Last week, in the first part of our blog series on multi-academy trusts (MATs), we looked at what pupil performance data could tell us about MATs and found rather inconclusive evidence. In this blog post, we will look at three areas where there is a growing evidence base about MATs; teacher career paths, collaboration and financial efficiencies. Continue reading
Just before Christmas, I was invited to present at a conference on establishing or joining multi-academy trusts (MATs). My role in the event was to share what the research tells us so far about MATs and I was given two questions to answer:
- What does the research say about the success of the MAT movement?
- Has enough research been conducted to present tangible arguments about the benefits of MATs?
By Sundip Gill
From the shock general election to the long-awaited careers strategy, what a year 2017 has been in the world of education. Throughout this year, we have tackled some of the hottest topics in education here on the NFER blog. Our researchers have also been delving into data produced by the Department for Education (DfE), in a series of new blog posts focusing on Statistical First Releases. We will have more of these in 2018. You can subscribe to our blog (top right) to get notifications of all new posts direct to your inbox.
So in this final post of the year, here are some of the most popular NFER blog posts of 2017: Continue reading
24 November 2010 marked a significant day for education. As some four and five year olds were settling into their first term of school, it was also the day that former Secretary of State for Education, Michael Gove, unveiled his plans to overhaul education in England, publishing a new white paper, The Importance of Teaching. Continue reading
The problem of low productivity in Britain is at the heart of the Government’s Industrial Strategy, and after the woeful predictions about the economy in last week’s budget, the Government is hoping to change the narrative and regain the initiative. NFER agree with the Government that ‘investment in education is vital to address challenges facing the economy.’ Continue reading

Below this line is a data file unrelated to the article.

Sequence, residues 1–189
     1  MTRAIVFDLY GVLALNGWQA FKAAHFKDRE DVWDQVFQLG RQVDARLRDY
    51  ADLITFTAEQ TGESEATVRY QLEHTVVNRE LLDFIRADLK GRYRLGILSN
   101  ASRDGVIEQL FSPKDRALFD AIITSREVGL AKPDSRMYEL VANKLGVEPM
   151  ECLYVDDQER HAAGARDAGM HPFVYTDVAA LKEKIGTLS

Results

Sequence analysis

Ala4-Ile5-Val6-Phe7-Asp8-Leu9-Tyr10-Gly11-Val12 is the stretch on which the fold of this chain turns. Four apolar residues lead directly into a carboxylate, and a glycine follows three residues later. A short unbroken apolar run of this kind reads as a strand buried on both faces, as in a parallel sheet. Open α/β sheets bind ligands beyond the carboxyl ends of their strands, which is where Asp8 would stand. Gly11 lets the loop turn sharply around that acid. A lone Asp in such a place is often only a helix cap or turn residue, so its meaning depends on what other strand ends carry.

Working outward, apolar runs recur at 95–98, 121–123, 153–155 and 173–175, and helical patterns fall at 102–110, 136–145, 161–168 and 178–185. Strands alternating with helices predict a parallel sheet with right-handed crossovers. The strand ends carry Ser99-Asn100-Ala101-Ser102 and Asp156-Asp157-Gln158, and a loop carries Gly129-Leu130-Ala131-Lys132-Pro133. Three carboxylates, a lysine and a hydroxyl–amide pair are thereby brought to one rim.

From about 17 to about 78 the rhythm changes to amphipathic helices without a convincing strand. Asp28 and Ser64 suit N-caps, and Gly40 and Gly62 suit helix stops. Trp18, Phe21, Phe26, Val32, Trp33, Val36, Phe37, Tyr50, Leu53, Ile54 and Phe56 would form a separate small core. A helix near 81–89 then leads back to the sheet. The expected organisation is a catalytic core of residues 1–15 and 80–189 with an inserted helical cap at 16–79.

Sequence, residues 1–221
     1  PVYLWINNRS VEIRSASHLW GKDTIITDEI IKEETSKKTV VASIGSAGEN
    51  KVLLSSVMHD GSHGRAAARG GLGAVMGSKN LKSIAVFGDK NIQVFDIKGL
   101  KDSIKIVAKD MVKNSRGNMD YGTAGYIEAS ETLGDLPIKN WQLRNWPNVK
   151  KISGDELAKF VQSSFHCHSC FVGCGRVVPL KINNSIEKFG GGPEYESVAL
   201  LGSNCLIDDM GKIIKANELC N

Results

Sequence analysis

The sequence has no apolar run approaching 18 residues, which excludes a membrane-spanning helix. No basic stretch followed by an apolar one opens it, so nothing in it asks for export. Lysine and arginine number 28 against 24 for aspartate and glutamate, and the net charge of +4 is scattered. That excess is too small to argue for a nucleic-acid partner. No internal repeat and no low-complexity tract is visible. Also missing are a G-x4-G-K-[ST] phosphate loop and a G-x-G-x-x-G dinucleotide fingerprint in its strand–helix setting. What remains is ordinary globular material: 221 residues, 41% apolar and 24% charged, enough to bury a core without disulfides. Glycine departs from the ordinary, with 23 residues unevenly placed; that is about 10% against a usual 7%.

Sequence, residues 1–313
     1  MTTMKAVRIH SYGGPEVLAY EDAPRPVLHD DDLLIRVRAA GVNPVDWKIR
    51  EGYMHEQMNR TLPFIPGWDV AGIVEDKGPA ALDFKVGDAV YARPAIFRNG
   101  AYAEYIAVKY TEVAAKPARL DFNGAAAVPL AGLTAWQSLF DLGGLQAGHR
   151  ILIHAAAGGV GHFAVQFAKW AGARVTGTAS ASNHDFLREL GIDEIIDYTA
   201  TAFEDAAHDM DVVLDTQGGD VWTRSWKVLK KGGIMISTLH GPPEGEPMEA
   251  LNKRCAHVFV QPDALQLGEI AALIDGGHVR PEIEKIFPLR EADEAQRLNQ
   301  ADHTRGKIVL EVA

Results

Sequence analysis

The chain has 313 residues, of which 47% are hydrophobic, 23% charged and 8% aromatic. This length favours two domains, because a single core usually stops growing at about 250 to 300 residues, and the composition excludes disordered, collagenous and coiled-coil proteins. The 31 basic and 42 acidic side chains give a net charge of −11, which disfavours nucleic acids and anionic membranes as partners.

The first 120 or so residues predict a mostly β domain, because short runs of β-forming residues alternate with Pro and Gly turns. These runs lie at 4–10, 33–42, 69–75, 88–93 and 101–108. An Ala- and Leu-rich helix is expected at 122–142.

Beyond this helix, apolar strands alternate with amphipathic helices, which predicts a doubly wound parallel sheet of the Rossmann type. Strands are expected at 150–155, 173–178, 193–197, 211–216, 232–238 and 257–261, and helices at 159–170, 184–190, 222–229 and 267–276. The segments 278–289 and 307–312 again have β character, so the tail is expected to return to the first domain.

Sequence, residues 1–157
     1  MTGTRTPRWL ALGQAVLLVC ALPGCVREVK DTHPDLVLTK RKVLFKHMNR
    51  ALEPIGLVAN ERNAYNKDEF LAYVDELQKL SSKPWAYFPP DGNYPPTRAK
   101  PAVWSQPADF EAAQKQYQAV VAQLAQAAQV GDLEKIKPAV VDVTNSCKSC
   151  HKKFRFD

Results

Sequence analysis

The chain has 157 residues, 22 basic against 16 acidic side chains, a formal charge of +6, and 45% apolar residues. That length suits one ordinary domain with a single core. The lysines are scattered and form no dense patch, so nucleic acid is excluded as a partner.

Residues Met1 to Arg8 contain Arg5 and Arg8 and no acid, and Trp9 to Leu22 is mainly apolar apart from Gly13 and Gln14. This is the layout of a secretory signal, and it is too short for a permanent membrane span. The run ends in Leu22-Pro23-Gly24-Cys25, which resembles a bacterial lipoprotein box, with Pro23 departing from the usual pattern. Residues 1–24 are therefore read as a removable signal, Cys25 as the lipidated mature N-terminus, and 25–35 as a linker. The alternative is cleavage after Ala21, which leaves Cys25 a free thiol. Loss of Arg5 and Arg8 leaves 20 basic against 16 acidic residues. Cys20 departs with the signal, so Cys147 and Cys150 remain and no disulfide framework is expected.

By Chloe Rush
This opinion piece first appeared in TES on Tuesday 14 November 2017.
A key part of the 2010 Coalition Government’s education strategy, free schools were introduced to create a more autonomous and self-improving school system by driving up standards through greater school choice and increased local competition. However, free schools have attracted a lot of controversy since their inception, with some commentators claiming they are expensive and wasteful, and set up in places where there is surplus capacity, while supporters say they are located in areas of need and provide a better quality of education than local authority schools. Who is right? We explore some of these issues here and ask why so much of the new provision has happened in London. Continue reading
By Maire Williams
Over the last six months, school funding has been an almost constant feature in policy debate, from the proposed introduction of a National Funding Formula to the longer running cuts and freezes schools are facing to their budgets. However, far less has been said on how the UK compares internationally. While there are obviously some ‘health warnings’ around comparing international data, including recognising that different countries may be pursuing different priorities, international comparisons can still give us insight into how outcomes vary (or don’t vary) with expenditure. Continue reading
Growth in pupil numbers as well as the increased costs associated with pensions, national insurance and inflation are putting pressure on school budgets in England. At the same time, school workforce and teacher retention are high on the education policy agenda. Continue reading